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Special Economic Zones in Panama: Technology Spillovers from a Labor Market Perspective

Author

Listed:
  • Ricardo Hausmann

    (Center for International Development at Harvard University)

  • Juan Obach

    (Center for International Development at Harvard University)

  • Miguel Angel Santos

    (Center for International Development at Harvard University)

Abstract

Special Economic Zones (SEZ) have played an important role in Panama's successful growth story over the previous decade. SEZ have attracted local and foreign investment by leveraging a business-friendly environment of low transaction costs, and created many stable, well-paid jobs for Panamanians. Beyond that, SEZ shall be assessed as place-based policy by their capacity to boost structural transformations, namely attracting new skills and more complex know-how not to be found in the domestic economy. The aim of this paper is to evaluate the three largest SEZ in Panama: Colon Free Zone Panama-Pacific City of Knowledge Our results suggest that SEZ have been successful as measured by static indicators, such as foreign investment, job creation and productivity. We also find that SEZ have boosted inflows of high-skill immigrants, who are most likely generating positive knowledge spillovers on Panamanians productivity and wages. However, significant legal instruments and institutional designs are preventing Panama from taking full advantage of the skill variety hosted at the SEZ. Complex immigration processes inhibiting foreigners from transitioning out of the SEZ, a long list of restricted professions and even citizenships considered as a national security concern, are hindering the flow of knowledge, keeping the benefits coming from more complex multinational companies locked inside the gates of SEZ.

Suggested Citation

  • Ricardo Hausmann & Juan Obach & Miguel Angel Santos, 2016. "Special Economic Zones in Panama: Technology Spillovers from a Labor Market Perspective," CID Working Papers 326, Center for International Development at Harvard University.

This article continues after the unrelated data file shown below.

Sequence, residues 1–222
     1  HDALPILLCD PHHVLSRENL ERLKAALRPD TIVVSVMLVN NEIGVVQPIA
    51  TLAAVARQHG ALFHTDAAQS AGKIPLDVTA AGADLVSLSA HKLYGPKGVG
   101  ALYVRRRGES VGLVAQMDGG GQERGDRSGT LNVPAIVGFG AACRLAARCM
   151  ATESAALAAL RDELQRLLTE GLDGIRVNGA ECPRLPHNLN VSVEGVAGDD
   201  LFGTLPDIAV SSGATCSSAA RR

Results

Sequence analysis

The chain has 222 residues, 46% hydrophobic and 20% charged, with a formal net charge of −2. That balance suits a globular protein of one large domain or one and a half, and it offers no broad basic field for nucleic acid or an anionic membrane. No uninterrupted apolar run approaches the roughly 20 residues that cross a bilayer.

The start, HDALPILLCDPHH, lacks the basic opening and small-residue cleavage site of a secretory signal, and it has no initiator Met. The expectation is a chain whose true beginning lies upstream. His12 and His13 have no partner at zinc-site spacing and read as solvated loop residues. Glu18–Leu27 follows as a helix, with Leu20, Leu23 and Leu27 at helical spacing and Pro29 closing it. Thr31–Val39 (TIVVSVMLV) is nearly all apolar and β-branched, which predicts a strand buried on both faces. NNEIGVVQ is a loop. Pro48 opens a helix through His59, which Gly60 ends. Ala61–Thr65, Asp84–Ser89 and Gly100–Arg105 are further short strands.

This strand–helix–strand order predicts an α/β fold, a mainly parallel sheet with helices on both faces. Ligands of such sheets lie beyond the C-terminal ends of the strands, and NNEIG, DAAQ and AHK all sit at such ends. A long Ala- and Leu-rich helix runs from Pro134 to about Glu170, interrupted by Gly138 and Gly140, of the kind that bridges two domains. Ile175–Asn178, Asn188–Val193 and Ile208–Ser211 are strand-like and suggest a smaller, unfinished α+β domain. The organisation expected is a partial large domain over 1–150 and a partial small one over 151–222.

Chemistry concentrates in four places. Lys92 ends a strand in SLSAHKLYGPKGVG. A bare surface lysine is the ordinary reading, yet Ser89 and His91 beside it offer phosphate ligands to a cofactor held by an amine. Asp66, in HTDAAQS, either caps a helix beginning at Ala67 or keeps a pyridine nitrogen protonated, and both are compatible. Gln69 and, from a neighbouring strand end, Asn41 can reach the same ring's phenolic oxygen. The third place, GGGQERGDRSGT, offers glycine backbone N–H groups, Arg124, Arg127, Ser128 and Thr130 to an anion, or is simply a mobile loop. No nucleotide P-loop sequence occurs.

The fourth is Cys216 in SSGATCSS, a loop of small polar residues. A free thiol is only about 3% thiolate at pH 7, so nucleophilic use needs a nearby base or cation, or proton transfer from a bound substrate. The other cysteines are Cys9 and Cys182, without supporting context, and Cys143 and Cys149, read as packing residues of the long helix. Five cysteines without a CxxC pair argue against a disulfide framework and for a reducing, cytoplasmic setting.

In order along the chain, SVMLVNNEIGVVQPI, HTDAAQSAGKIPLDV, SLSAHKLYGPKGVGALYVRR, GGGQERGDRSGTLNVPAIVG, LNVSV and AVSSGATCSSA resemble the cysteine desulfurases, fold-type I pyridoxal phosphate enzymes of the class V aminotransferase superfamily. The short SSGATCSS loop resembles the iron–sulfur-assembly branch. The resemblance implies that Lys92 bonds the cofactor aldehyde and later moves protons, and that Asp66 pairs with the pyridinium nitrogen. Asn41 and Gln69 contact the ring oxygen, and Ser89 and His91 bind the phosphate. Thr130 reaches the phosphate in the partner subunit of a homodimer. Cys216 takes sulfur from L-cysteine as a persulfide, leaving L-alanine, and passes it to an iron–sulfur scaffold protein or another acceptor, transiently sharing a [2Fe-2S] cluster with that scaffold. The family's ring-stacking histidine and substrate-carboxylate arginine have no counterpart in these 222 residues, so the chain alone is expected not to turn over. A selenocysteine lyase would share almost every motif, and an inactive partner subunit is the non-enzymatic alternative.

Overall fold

• Handle: RePEc:cid:wpfacu:326
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    File URL: http://growthlab.cid.harvard.edu/files/growthlab/files/sez_panama_wp_326.pdf
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    References listed on IDEAS

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    Cited by:

    1. Hausmann, Ricardo & Espinoza, Luis & Santos, Miguel Angel, 2016. "Shifting Gears: A Growth Diagnostic of Panama," Working Paper Series rwp16-045, Harvard University, John F. Kennedy School of Government.
    2. Aradhna Aggarwal, . "SEZs and economic transformation:towards a developmental approach," UNCTAD Transnational Corporations Journal, United Nations Conference on Trade and Development.
    3. Sina Hardaker, 2020. "Embedded Enclaves? Initial Implications of Development of Special Economic Zones in Myanmar," The European Journal of Development Research, Palgrave Macmillan;European Association of Development Research and Training Institutes (EADI), vol. 32(2), pages 404-430, April.
    4. Mwanda Phiri & Shimukunku Manchishi, 2020. "Special economic zones in Southern Africa: white elephants or latent drivers of growth and employment?: The case of Zambia and South Africa," WIDER Working Paper Series wp-2020-160, World Institute for Development Economic Research (UNU-WIDER).
    5. Hausmann, Ricardo & Morales, Jose Ramon & Santos, Miguel Angel, 2016. "Economic Complexity in Panama: Assessing Opportunities for Productive Diversification," Working Paper Series rwp16-046, Harvard University, John F. Kennedy School of Government.
    6. Gulbis Ivo, 2018. "Foreign Direct Investment and Special Economic Zones in Latvia," Baltic Journal of Real Estate Economics and Construction Management, Sciendo, vol. 6(1), pages 240-252, December.
    7. Haoqiang Li & Jihong Chen & Zheng Wan & Huaxin Zhang & Maoxin Wang & Yun Bai, 2020. "Spatial evaluation of knowledge spillover benefits in China’s free trade zone provinces and cities," Growth and Change, Wiley Blackwell, vol. 51(3), pages 1158-1181, September.
    8. Ricardo Hausmann & Jose Ramon Morales Arilla & Miguel Angel Santos, 2016. "Panama beyond the Canal: Using Technological Proximities to Identify Opportunities for Productive Diversification," CID Working Papers 324, Center for International Development at Harvard University.
    9. Ricardo Hausmann & Douglas Barrios & Daniela Muhaj & Sehar Noor & Carolina Ines Pan & Miguel Angel Santos & Jorge Tapia & Bruno Zuccolo, 2020. "Emerging Cities as Independent Engines of Growth: The Case of Buenos Aires," CID Working Papers 385, Center for International Development at Harvard University.
    10. Jieping Chen & Xianpeng Long & Shanlang Lin, 2022. "Special Economic Zone, Carbon Emissions and the Mechanism Role of Green Technology Vertical Spillover: Evidence from Chinese Cities," IJERPH, MDPI, vol. 19(18), pages 1-22, September.

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